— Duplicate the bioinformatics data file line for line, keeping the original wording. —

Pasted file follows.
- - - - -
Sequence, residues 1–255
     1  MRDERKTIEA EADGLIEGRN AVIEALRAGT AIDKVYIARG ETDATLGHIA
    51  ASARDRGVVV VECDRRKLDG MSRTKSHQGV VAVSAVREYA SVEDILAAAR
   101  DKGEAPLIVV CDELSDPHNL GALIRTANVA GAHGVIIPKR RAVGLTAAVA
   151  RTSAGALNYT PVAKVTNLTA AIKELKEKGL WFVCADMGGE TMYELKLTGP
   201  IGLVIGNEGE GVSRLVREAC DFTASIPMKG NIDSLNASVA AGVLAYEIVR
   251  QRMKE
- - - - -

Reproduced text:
Sequence, residues 1–255
     1  MRDERKTIEA EADGLIEGRN AVIEALRAGT AIDKVYIARG ETDATLGHIA
    51  ASARDRGVVV VECDRRKLDG MSRTKSHQGV VAVSAVREYA SVEDILAAAR
   101  DKGEAPLIVV CDELSDPHNL GALIRTANVA GAHGVIIPKR RAVGLTAAVA
   151  RTSAGALNYT PVAKVTNLTA AIKELKEKGL WFVCADMGGE TMYELKLTGP
   201  IGLVIGNEGE GVSRLVREAC DFTASIPMKG NIDSLNASVA AGVLAYEIVR
   251  QRMKE